Yet the club ignored those contributions and, like much of Germany, repressed the horrors of the Holocaust. Longtime Bayern executives often deflected questions about what the club euphemistically referred to as “political events between 1933 and 1945” by saying they weren’t alive at the time. Others admitted they feared “negative reactions” if they spoke of the club’s Jewish heritage.

So it fell to members of Bayern’s main supporter, the Ultras, to resurrect Landauer and bring his story to light.

“For them the story of Landauer is perfect: A man who never lost his love [for] his club, whatever happens to him or his family,” Kamper said. “That’s how many supporters want to see themselves.”

For Rummenigge, a two-time European player of the year who calls Landauer “the father of the modern FC Bayern,” the club’s struggles with its past carry important lessons for the present. Last week the team played a Champions League game behind locked doors in Moscow, the empty stadium punishment for Russian fans’ racist chants and display of “far-right symbols” during a game there last year.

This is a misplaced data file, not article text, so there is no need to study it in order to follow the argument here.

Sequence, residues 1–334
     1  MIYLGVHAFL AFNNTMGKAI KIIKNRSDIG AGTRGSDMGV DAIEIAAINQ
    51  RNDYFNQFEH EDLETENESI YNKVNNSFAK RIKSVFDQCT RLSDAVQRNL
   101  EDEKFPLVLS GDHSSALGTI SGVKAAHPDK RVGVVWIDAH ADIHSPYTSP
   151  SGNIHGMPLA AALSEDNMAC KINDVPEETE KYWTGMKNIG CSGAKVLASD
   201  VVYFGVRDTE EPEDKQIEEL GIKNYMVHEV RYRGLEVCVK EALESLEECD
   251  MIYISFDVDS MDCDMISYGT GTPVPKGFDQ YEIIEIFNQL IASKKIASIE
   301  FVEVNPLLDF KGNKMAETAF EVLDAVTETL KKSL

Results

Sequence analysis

When the teams meet again in two months in Munich — the city where the Nazi Party was born — they will play before a packed grandstand built over a museum that now honors Bayern’s Jewish past. And in those grandstands fans will be wearing T-shirts and scarves bearing the name and visage of their club’s former Jewish president.

If Munich can come that far, Rummenigge believes Moscow can too.

“Sports can do a lot in favor of our culture,” he said. “I believe everybody has the obligation to fight against racism. Soccer can [be] a very important part of this.”